A new way to play, create and share.
LittleBigPlanet on PSP, while enjoyable, was hampered by the system's limitations. Not so with LittleBigPlanet Vita. This impressive sequel, set to debut on Sony's powerful handheld, looks just as good as the console games, but the developers took the concept one step further by taking full advantage of the portable's features.
On the surface, the game appears to be your typical LittleBigPlanet experience. Series hero Sackboy returns, and you guide the adorable mascot through a plethora of imaginative pre-made levels. Conversely, you have the option of designing stages from the ground up using the same tools from LittleBigPlanet 2. Then you can share those creations with other Vita owners.
That's par for the course. We expected that. Sony, though, threw us a curve in the form of touch screen support, which makes LittleBigPlanet infinitely more enjoyable.
Now, if Sackboy hops into a basket, you can pull back and release it like a slingshot, propelling the character through the air.
The touch screen also proves useful in grabbing objects. While the triggers perform this function, now you can press an object and Sackboy will stick to it.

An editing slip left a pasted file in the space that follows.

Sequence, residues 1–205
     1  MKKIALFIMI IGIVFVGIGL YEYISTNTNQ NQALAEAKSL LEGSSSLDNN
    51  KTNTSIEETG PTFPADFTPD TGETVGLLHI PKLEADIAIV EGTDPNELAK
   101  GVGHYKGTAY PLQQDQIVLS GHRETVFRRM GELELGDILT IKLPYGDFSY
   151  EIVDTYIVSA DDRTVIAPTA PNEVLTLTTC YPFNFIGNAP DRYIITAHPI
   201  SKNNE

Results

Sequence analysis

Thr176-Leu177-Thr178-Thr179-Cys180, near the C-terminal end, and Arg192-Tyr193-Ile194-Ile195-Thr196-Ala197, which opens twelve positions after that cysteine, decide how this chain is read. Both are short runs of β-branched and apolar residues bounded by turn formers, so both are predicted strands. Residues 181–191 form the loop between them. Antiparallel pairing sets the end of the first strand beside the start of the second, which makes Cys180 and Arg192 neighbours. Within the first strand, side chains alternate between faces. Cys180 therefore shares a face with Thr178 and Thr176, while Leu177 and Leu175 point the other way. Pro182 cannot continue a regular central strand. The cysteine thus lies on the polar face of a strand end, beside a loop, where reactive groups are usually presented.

What's more, the touch screen comes in handy for drawing platforms and bridges. Whenever Sackboy approaches a gap, you simply press and drag a finder across the screen and the sketch becomes part of the environment.
On top of that, two people can enjoy touch screen mini games, including a version of air hockey seen in the LittleBigPlanet Vita trailer.
The developers also deserve praise for using the system's rear touch pad, a feature that works in tandem with the touch screen. One puzzle, for instance, tasks you with pressing pegs to create platforms for Sackboy to jump on to, the goal to reach the top of a stage. To do this, you press the rear touch pad to make the platforms stick out, then press the pegs on the touch screen to push them back into place.
The game also supports tilt controls, where you'll physically maneuver Vita to roll a ball around a track or drive a car with the system held vertically.
Even the camera comes into play. You can take a photo, manipulate/change it using the editor and then place the new object into the game.
On the downside, you cannot share custom levels with PS3 owners (only custom costumes and costume purchases), but they wouldn't be able to enjoy the touch controls anyway, so this decision makes sense.
Bottom line, LittleBigPlanet Vita is one of the handheld's most highly anticipated games, the sort of title we would definitely purchase the system for. That said, we don't expect to see this gem until 2012, at the earliest.